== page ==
The last time that I was here I talked about the responsibility of climatic changes due to the changing carbon dioxide content of the atmosphere and you will remember that I mentioned the fact that during the last 100 years there apparently has been a slight increase in the carbon dioxide because of the burning of coal and oil and natural gas.

If we look at the probable amounts of these substances that will be burned in the future, it is fairly easy to predict that the carbon dioxide content of the atmosphere could easily increase by about 20 percent. This might, in fact, make a considerable change in the climate. It would mean that the lines of equal temperature on the earth would move north and the lines of equal rainfall would move north and that southern California and a good part of Texas, instead of being just barely livable as they are now, would become real deserts.

Atmospheric carbon dioxide concentrations in 1957 were 315 parts per million. It reached 378 ppm, Revelle’s cautioned 20 percent increase, in 2004. As of September 2020, the planet is now at 410 ppm, a 30 percent increase.

Revelle’s testimony in the previous year in support of federal funding to monitor atmospheric and oceanic carbon dioxide levels was the first time that manmade global warming was discussed in the Congressional record.

“We are making perhaps the greatest geophysical experiment in history,” he said on March 8, 1956, “an experiment which could not be made in the past because we didn’t have an industrial civilization and which will be impossible to make in the future because all the fossil fuels will be gone.”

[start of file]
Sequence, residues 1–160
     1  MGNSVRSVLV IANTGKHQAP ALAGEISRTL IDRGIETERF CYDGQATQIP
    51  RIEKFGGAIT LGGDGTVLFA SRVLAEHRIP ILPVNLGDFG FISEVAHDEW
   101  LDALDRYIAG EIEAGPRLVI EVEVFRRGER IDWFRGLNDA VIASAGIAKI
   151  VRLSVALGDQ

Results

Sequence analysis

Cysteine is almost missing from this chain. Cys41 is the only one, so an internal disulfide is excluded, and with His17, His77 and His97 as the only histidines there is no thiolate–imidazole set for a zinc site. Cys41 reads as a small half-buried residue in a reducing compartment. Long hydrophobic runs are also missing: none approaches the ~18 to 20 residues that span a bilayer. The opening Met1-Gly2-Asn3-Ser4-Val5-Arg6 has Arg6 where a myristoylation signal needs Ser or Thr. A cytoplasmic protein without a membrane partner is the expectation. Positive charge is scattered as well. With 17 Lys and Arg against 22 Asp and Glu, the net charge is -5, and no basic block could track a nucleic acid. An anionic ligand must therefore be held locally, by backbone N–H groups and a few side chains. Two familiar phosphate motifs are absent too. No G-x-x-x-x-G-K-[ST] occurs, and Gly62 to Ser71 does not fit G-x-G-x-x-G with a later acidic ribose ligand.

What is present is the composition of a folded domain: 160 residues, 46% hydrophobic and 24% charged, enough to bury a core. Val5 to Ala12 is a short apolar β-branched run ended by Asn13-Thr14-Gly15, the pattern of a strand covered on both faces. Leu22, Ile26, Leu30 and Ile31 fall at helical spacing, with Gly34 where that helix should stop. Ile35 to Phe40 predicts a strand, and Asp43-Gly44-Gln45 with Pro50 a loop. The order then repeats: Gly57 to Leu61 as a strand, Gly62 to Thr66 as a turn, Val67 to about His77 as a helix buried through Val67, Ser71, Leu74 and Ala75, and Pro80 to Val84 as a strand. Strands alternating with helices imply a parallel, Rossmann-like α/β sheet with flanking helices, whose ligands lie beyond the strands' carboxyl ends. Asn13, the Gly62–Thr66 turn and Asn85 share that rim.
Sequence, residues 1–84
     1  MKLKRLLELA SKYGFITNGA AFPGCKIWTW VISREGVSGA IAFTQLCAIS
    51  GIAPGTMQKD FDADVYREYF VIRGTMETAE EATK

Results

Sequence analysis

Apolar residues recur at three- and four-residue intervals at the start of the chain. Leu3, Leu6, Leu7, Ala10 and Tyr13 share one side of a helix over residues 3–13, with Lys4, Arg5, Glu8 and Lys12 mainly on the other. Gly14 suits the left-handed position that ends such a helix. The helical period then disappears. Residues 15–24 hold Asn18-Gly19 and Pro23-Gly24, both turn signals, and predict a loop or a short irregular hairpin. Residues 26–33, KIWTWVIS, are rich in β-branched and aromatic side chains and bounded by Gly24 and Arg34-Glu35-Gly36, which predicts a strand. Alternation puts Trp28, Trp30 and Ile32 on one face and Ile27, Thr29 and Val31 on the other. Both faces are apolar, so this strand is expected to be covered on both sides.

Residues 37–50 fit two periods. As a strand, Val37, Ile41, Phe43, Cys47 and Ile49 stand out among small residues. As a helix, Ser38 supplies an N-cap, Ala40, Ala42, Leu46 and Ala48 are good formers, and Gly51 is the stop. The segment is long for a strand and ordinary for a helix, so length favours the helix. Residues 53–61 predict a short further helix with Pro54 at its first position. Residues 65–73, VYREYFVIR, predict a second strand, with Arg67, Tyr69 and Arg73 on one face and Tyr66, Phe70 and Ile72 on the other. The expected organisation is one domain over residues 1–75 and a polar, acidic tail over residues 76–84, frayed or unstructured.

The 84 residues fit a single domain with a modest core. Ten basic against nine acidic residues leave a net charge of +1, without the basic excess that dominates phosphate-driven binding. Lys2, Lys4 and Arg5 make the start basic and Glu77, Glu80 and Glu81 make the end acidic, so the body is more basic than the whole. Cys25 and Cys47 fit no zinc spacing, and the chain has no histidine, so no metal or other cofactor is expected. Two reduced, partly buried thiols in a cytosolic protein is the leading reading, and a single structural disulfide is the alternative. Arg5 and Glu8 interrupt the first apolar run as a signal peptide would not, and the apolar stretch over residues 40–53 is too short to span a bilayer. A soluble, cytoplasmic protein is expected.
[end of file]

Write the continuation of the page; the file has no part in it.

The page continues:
Revelle also noted that regional shifts in climate in the past led to “the rise and fall and complete decay of many civilizations.”

In response to questions from Rep. Sydney Yates (D-Ill.) and Rep. Albert Thomas (D-Texas), Dr. Revelle elucidated further:

People talk about making fresh water out of sea water. God does that for them far better than any man ever could. He evaporates three feet of water on every square foot of the ocean every year. The problem is that the distribution system is bad. The water coming from the ocean moves over the land but mostly over the northern and southern parts of the land, and this circulation pattern, or transport of water vapor from the sea to the land and the precipitation on the land, apparently shifts with the temperature; at least we think it does, and there seems to be a broad belt called the horse latitudes between the equatorial regions and the belt of cyclonic storms where the precipitation is minimal.

If you increase the temperature of the earth, the north latitude belt, which covers most of the western part of the United States and the Southwest, would move to the north.

“Only God knows whether what I am saying is true or not,” Revelle concluded. But his understanding of the science of fossil-fueled global warming has now been proven correct. The climate of southern California has undergone a phase shift to a persistently hotter, drier regime — a permanent shift if action is not taken to end the burning of fossil fuels and reduce the concentration of industrial greenhouse pollution in the atmosphere.